Additionally, your charge may be downgraded from a petty disorderly persons offense to an even lower-level municipal ordinance violation if your attorney is able to convince the prosecutor that you have mitigating facts in your favor. A municipal ordinance is not technically a criminal conviction and you can usually resolve the case by simply paying a fine.

Can I Expunge Disorderly Conduct in New Jersey?

It is possible to get a disorderly conduct charge expunged from your criminal record in New Jersey, provided you meet a number of criteria and follow the right steps. Generally, to be eligible for expungement of a disorderly conduct conviction or any other conviction for a petty disorderly persons offense for that matter you must wait for five years after the case is resolved. You must also have no more than three other convictions for disorderly persons or petty disorderly persons offenses on your record. If the charge is dismissed, you can apply for an expungement immediately.

If you end up with a conviction for a municipal ordinance offense in a disorderly conduct case, you must wait two years to seek an expungement. If you have been convicted of an indictable offense in the past, that can complicate your ability to expunge a disorderly conduct charge. There are different waiting periods and exclusions that apply depending on the specific felony charge that led to the conviction.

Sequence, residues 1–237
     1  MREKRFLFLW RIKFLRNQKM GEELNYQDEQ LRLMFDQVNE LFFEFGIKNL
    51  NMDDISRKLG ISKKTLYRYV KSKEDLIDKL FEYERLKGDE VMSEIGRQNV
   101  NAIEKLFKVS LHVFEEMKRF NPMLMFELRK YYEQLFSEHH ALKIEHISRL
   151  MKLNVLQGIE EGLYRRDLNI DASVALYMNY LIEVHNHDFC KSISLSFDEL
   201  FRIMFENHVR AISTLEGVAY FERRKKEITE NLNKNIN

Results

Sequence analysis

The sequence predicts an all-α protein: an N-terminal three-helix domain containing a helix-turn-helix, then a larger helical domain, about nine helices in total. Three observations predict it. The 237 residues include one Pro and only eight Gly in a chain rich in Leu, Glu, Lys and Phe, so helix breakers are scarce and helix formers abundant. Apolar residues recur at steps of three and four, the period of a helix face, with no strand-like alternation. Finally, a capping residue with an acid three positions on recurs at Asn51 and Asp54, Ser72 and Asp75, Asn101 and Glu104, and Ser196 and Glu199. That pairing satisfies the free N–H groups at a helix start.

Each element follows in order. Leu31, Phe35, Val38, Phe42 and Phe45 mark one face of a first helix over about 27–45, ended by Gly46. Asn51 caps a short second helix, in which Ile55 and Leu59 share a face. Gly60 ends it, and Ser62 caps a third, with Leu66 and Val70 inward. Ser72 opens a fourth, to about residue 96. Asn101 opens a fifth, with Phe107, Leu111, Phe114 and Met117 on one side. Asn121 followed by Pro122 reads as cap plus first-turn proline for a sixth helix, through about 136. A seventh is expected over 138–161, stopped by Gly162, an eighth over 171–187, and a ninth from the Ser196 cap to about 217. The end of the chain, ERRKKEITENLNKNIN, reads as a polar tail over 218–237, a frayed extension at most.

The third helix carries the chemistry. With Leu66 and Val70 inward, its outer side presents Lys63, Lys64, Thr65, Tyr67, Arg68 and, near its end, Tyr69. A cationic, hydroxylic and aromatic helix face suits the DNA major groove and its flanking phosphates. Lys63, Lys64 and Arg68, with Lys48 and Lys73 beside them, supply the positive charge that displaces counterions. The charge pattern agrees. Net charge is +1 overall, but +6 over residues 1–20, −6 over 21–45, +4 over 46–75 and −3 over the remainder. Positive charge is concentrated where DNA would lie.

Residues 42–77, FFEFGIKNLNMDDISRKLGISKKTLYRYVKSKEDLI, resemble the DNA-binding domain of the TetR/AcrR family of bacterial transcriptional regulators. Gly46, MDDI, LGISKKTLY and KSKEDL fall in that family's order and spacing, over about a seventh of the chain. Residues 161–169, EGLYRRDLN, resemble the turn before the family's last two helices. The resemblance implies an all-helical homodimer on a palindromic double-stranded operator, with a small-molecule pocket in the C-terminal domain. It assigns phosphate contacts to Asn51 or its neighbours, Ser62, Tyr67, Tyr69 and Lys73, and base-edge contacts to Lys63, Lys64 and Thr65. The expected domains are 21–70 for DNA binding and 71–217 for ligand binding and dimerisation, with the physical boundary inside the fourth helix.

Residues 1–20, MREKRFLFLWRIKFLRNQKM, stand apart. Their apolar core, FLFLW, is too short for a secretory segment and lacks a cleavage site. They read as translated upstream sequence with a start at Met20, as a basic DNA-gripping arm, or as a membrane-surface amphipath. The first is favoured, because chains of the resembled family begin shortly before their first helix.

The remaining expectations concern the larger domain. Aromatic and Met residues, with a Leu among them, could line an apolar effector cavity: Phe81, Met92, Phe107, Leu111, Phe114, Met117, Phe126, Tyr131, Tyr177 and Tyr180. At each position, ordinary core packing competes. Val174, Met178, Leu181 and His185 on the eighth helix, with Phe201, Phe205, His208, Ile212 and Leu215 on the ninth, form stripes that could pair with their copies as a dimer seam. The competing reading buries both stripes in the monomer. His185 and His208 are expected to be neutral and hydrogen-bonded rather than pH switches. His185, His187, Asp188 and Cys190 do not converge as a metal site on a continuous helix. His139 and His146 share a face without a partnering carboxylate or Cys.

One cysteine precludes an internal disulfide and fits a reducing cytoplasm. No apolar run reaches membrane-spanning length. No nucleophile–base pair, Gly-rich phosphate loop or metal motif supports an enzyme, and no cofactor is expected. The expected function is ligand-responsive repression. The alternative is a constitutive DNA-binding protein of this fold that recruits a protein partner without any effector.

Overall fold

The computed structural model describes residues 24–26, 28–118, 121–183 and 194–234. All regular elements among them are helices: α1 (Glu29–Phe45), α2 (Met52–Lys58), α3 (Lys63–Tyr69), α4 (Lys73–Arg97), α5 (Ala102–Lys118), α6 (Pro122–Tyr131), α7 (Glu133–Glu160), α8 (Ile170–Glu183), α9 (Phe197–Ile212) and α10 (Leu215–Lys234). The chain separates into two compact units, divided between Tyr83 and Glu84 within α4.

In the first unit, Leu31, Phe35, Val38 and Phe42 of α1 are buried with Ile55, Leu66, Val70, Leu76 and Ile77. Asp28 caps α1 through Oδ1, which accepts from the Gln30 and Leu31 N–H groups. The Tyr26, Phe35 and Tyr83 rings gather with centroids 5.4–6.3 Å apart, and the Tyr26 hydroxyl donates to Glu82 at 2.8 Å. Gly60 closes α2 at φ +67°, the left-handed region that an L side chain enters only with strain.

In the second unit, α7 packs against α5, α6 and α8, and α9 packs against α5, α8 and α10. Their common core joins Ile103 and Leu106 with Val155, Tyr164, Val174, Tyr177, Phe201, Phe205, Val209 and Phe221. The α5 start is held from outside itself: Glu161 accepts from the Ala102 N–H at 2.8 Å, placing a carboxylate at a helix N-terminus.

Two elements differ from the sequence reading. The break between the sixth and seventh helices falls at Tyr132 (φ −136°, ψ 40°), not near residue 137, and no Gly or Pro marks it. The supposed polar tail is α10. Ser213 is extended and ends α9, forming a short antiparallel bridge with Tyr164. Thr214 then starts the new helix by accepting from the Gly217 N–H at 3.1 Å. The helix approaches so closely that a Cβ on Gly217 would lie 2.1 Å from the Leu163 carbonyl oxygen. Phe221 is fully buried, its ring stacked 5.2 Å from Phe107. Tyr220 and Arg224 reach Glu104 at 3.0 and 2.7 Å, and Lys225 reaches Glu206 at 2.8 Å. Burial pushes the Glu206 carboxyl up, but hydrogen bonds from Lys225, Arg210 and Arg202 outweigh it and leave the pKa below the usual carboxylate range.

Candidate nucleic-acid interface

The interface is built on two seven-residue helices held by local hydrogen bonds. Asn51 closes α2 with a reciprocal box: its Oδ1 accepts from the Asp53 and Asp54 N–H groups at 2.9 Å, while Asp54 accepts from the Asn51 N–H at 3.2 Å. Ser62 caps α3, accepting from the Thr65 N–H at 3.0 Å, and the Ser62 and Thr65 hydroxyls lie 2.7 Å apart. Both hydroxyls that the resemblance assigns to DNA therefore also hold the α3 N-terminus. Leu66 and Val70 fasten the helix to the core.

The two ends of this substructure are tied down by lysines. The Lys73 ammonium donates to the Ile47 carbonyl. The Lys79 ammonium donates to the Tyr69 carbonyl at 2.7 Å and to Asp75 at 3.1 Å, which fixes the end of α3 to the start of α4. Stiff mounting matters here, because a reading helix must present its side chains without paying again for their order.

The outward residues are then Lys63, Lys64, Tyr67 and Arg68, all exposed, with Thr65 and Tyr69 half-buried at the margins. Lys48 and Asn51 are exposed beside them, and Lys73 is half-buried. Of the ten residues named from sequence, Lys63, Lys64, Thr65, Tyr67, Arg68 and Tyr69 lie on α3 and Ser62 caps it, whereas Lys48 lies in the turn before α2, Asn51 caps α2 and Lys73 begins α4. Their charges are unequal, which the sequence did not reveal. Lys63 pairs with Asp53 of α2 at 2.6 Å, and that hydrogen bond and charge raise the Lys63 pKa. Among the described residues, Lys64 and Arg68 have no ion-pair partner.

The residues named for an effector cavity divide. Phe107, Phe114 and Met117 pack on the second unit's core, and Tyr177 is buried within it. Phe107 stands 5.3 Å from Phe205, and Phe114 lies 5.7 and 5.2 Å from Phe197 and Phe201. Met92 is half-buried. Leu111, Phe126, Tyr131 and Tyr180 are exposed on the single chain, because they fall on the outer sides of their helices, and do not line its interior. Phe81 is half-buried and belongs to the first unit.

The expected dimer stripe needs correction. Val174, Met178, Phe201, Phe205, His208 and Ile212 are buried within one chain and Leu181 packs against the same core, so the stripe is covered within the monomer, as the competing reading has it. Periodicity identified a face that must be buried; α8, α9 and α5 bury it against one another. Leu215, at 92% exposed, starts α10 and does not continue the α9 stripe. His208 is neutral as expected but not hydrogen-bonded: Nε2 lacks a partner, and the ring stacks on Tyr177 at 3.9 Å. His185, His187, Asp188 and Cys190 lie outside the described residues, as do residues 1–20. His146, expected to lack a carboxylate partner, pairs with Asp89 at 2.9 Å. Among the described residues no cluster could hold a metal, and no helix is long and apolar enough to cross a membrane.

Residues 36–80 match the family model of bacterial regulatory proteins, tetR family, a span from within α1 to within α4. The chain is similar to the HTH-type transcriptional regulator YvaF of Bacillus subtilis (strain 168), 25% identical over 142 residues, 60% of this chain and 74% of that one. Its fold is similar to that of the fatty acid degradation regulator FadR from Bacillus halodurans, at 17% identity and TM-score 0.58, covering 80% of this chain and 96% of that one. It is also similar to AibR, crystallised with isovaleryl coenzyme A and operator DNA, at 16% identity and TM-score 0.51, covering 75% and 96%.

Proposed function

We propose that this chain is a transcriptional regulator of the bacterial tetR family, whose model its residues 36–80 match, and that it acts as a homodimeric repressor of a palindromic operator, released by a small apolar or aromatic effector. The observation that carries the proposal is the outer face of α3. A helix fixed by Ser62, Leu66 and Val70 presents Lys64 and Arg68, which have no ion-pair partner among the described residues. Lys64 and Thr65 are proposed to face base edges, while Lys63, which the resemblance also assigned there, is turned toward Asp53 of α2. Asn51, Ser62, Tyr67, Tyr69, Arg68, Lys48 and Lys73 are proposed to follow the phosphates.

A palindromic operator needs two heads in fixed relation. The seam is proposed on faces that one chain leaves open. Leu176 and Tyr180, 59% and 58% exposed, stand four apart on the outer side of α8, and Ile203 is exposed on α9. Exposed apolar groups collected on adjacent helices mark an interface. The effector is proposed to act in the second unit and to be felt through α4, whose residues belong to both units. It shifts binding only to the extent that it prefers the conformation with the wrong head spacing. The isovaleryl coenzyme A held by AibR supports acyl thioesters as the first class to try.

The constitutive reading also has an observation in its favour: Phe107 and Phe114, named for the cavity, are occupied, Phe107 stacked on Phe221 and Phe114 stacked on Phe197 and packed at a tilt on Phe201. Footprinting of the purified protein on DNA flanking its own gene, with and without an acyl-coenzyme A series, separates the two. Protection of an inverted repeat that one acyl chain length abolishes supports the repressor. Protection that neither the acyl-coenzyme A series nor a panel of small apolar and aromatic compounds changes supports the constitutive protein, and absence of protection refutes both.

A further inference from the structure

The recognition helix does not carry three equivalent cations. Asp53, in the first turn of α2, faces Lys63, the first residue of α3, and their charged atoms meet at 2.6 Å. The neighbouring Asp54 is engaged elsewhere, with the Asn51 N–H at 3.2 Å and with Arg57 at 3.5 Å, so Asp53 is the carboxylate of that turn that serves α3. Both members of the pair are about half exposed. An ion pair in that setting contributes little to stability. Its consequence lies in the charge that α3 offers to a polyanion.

If you are able to get your disorderly conduct charge or conviction expunged, a court will direct law enforcement personnel and jail or other state officers to destroy or seal those records and prevent the charge or conviction from appearing on your rap sheet and thus your criminal background checks. This can improve your chances of finding housing or looking for work, among a number of other benefits. The expungement process can be technical, so it is advisable consult a qualified lawyer who can assist you throughout this process.

Should I Hire a Lawyer for a Disorderly Conduct Charge in Woodbridge?

Absolutely. If you are seeking the best possible result, a knowledgeable criminal defense lawyer can significantly improve your chances of obtaining a good outcome. Contact our defense lawyers for immediate assistance with your disorderly conduct charges. We  attorneys to find out what are are facing and how we can assist you depending on the facts of your case. You can call (732) 659-9600 for a free consultation or contact us online to arrange an appointment at our local offices in Edison.

With more than a decade of experience defending clients against criminal charges, founding partner William A. Proetta has successfully handled and tried thousands of cases, from DWI to murder. As a New Jersey native, he has focused his career on helping people in the area where he grew up, serving Middlesex, Ocean, Hudson, and Union counties.